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Tampa General's new president, Ron Hytoff, says he was reluctant to take over his boss' job.
By DAVID KARP
© St. Petersburg Times, published February 19, 2000
TAMPA -- With cameras rolling and reporters barking questions, the scene at Tampa General Hospital did not look all that different Friday.
The president praised the hospital's commitment to the poor and urged lawmakers to help Tampa General get more tax support.
But while the message sounded the same, the voice was different.
Ron Hytoff, Tampa General's new president, introduced himself Friday as a reluctant successor to former hospital president Bruce Siegel, who hired Hytoff as chief operating officer in 1997. Siegel stepped down Wednesday after the hospital's board of directors lost confidence in him.
"I did not want this job," Hytoff said, "and I did not seek it."
But Wednesday afternoon, after hospital board chairman H.L. Culbreath offered him the top job, Hytoff, 54, took it on a handshake. Hytoff had turned down the chief executive officer job at another major teaching hospital when Siegel recruited him to Tampa General three years ago. He thought he and Siegel were a good fit: Siegel, then 35, had bold ideas and Ivy League credentials but no experience running a hospital; Hytoff, then 51, a graduate of Northeastern Illinois University and the son of a factory worker in suburban Chicago, had been a hospital CEO for 16 years.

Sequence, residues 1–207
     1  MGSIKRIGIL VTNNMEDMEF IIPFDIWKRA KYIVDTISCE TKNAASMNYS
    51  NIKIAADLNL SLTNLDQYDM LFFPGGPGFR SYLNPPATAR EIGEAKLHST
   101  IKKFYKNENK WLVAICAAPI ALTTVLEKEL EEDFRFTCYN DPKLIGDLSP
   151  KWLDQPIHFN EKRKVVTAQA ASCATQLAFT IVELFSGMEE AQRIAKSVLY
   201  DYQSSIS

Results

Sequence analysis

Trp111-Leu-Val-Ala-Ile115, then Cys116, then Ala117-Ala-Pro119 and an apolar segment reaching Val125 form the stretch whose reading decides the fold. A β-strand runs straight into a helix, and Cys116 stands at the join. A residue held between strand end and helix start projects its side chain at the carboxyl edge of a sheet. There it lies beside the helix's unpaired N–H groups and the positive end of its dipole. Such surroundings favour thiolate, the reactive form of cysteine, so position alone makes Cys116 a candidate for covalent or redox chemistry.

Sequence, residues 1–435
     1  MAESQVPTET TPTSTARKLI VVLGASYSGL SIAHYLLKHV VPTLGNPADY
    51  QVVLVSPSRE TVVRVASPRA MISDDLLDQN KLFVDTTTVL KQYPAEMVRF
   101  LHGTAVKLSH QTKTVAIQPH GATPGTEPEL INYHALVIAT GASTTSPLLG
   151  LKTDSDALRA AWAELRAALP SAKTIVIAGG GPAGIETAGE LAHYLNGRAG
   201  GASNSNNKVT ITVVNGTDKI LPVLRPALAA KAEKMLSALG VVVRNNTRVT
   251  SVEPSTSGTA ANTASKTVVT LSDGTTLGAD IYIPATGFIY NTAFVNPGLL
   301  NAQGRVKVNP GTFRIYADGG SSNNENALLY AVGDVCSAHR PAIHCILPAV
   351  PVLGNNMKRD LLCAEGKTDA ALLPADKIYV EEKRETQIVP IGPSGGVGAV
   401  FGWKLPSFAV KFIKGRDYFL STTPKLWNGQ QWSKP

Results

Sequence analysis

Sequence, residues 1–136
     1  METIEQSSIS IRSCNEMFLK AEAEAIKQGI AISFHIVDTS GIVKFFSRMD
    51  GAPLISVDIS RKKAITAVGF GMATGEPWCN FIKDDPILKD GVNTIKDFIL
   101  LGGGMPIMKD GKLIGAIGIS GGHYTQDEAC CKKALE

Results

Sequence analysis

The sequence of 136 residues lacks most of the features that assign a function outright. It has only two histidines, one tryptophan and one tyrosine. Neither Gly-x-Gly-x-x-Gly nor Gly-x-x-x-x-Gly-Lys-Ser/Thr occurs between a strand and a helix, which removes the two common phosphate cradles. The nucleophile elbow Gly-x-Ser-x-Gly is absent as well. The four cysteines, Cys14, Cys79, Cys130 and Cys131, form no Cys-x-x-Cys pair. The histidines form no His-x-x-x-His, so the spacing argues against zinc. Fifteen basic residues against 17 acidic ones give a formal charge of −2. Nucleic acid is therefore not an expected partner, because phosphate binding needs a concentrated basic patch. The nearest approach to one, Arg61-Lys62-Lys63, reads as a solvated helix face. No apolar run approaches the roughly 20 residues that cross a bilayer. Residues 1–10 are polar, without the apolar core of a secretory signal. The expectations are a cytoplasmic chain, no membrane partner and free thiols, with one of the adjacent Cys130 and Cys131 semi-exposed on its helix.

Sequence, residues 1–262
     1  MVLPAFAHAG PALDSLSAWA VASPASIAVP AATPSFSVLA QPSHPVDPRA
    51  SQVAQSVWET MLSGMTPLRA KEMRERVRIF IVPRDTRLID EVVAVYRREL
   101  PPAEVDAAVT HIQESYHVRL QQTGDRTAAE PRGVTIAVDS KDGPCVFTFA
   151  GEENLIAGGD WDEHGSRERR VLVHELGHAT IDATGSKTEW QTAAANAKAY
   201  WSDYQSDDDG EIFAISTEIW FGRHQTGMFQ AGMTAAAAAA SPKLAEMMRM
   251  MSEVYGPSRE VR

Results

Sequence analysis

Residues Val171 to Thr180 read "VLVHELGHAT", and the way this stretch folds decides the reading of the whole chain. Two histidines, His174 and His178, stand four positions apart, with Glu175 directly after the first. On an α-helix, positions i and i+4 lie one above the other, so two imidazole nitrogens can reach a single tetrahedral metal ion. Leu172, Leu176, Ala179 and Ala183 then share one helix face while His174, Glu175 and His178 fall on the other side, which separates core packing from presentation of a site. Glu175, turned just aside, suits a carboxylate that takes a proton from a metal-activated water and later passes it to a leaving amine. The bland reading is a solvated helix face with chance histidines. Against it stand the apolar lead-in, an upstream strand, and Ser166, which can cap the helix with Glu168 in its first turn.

Drafted during the Vietnam War, Hytoff, an elementary teacher in Chicago, wanted to be a fighter pilot, but his eyesight wasn't good enough. So he worked with doctors at an Army base in Anchorage, Alaska, where an officer one day suggested he go into hospital management.
As TGH president, Hytoff said, he would take direction from his board. He wouldn't say whether he supported Siegel's attempt to buy three area hospitals last year, and he wouldn't say whether hospital board meetings should be open to the public.
The board announced later Friday that it would hold an open meeting with a group from the Greater Tampa Chamber of Commerce next week and let the chamber's hand-picked financial expert inspect the hospital's books.
Hytoff also pledged an open administration, gave reporters his pager number and told them to call any time.
But Hytoff would not disclose his salary, although he did say he received a raise. His previous TGH contract called for a $225,000 annual salary, a $700 monthly allowance for expenses and one year's severance pay if fired.